The large number of acorns and mild weather this past fall and winter led to an increase in the rodent population, ideal conditions for ticks to flourish. When it comes to preventing tick-borne diseases, protection, checking and seeking medical help are equally important. Here, the best ways to defend yourself from this summer scourge.
Create a chemical and physical barrier against ticks: Spray yourself with an insect repellent containing no more than 30 percent DEET (such as OFF! Deep Woods) and your clothes and shoes with permethrin spray. Tuck your pants into your socks.
Be vigilant about self-exams: Check yourself, your partner and your children every day. (It typically takes a tick between 24 to 72 hours to transmit the bacterial pathogens into your body.) Check places where ticks like to burrow, such as the waistband, behind the knees, belly button and groin. Use a lint roller on your clothes and any exposed skin to pick up ticks that may still be crawling on you. Immediately put your clothes in the dryer on high heat for about 15 minutes, before washing them, to kill ticks.
When you find a tick: Before removing, take a photo with your phone in case you need to identify it later. Put a coin next to it as a size reference. To remove, use very pointy tweezers to grab the tick by its head as close to your skin as possible, and with steady pressure pull it up and out.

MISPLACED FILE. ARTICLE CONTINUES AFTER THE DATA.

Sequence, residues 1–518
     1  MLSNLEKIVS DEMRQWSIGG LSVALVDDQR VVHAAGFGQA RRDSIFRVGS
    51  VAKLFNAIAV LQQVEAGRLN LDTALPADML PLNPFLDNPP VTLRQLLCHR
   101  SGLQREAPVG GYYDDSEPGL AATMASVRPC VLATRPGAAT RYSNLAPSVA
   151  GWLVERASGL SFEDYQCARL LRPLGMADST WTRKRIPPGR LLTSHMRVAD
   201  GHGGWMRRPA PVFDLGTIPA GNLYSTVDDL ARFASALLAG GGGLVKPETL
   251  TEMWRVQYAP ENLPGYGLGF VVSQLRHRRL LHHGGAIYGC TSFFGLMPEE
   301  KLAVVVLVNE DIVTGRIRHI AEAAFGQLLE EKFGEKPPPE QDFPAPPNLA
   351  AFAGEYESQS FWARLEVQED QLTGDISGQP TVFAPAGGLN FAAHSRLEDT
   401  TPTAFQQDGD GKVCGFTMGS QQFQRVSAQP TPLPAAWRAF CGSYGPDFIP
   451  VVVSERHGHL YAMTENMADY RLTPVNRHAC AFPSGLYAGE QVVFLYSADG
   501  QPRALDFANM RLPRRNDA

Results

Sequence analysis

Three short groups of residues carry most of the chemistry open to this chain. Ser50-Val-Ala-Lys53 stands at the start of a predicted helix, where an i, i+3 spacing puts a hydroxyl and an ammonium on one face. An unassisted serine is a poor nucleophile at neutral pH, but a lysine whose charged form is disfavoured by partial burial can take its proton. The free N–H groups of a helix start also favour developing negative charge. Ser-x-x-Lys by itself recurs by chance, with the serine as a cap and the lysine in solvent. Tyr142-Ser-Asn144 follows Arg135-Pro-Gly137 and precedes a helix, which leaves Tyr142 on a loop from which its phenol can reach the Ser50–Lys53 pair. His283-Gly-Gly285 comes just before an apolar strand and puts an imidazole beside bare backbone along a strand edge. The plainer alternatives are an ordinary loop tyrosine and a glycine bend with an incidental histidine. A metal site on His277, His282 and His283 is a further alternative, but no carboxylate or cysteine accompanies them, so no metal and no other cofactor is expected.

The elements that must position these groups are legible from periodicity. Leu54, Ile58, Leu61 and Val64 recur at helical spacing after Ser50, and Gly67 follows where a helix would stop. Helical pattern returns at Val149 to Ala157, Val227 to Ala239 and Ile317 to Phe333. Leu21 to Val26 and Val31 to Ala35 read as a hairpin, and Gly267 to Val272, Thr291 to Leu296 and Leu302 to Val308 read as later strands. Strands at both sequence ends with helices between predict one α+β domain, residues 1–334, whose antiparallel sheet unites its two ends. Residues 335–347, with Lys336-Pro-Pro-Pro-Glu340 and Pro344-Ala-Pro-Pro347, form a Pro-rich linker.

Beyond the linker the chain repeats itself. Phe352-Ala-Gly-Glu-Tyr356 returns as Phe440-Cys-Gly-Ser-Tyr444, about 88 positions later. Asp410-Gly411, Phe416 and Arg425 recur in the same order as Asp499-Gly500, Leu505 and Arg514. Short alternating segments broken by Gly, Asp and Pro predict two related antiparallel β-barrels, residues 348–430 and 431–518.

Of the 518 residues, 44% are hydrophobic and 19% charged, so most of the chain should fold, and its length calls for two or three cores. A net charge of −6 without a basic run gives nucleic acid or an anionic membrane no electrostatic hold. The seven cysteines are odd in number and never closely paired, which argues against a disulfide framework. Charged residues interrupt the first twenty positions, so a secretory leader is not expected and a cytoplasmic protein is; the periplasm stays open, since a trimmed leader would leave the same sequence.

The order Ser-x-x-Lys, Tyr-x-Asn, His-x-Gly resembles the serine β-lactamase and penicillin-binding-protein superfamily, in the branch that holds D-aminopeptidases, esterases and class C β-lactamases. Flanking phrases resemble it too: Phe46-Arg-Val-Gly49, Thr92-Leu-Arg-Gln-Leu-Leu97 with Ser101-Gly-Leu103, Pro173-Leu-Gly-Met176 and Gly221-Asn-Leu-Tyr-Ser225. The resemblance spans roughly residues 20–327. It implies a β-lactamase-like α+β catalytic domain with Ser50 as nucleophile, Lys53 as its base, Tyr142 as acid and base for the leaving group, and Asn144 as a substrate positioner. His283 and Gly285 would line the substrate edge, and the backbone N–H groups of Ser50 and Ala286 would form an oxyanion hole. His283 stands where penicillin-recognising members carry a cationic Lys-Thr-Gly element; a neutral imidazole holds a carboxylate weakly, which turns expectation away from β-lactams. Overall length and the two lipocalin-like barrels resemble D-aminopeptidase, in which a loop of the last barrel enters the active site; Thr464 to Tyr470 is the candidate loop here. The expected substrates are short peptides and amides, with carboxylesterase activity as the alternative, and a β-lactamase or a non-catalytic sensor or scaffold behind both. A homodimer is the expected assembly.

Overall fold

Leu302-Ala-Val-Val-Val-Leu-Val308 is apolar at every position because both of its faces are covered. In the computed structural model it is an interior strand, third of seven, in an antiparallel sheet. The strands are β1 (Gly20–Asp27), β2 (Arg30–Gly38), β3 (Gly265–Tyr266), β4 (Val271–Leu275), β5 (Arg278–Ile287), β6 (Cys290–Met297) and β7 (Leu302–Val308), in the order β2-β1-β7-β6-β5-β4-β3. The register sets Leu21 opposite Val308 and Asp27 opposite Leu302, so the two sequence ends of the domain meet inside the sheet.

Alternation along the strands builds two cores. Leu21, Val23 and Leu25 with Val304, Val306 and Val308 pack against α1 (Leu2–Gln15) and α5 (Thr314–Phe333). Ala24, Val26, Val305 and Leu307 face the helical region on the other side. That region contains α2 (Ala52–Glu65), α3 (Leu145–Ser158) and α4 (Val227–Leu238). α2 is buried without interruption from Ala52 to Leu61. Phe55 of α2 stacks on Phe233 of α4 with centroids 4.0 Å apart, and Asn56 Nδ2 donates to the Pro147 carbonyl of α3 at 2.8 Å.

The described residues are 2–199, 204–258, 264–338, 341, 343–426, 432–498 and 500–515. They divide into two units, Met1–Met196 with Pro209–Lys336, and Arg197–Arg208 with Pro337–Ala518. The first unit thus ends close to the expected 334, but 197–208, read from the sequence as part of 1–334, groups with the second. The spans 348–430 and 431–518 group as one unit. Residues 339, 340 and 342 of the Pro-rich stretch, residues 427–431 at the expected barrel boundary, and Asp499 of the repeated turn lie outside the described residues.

Dealing with deer ticks: If you’re bitten by a deer tick that looks engorged with blood, you may want to take a prophylactic dose of antibiotics, which may decrease your risk of contracting Lyme. (Go to tickencounter.org for help identifying types.) If you develop a bull’s-eye rash (though not everyone who becomes infected with Lyme disease does), or you expe-rience flu-like symptoms, see your doctor right away and start—and finish—a course of antibiotics.
Protect your pets: Treat your pets with a “kills-on-contact” tick product. Also avoid sleeping with them.
A new tick threat: The Lone Star tick: The Lone Star tick doesn’t transmit Lyme disease, but it can pass on ehrlichiosis as well as Alpha-gal, an allergy to mammalian meat, within minutes of biting you. Those affected can develop hives, swelling of the mouth or throat, nausea, vomiting, diarrhea, and in severe cases, anaphylactic shock after eating meat. If you experience any of these symptoms, visit your local emergency department right away.
Where to get help: Southampton Hospital’s Tick-Borne Disease Resource Center is here to help. Visit eastendtickresource.org or call our help line at (631) 726-TICK. Rebecca Young, RN, BSN, can answer all your questions, including how to remove a tick.
Max H. Minnerop, M.D., is an emergency department physician at Southampton Hospital and a member of the medical advisory panel of its Tick-Borne Disease Resource Center.